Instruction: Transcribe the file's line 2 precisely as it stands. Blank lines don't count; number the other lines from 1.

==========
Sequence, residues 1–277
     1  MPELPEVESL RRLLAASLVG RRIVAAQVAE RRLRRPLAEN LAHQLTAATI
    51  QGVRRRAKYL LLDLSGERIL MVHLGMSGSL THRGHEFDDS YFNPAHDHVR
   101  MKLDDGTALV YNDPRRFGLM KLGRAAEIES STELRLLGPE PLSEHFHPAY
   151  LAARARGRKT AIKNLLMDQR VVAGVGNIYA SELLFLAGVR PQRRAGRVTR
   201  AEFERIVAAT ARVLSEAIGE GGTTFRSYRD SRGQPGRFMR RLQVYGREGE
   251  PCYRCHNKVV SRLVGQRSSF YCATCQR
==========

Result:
     1  MPELPEVESL RRLLAASLVG RRIVAAQVAE RRLRRPLAEN LAHQLTAATI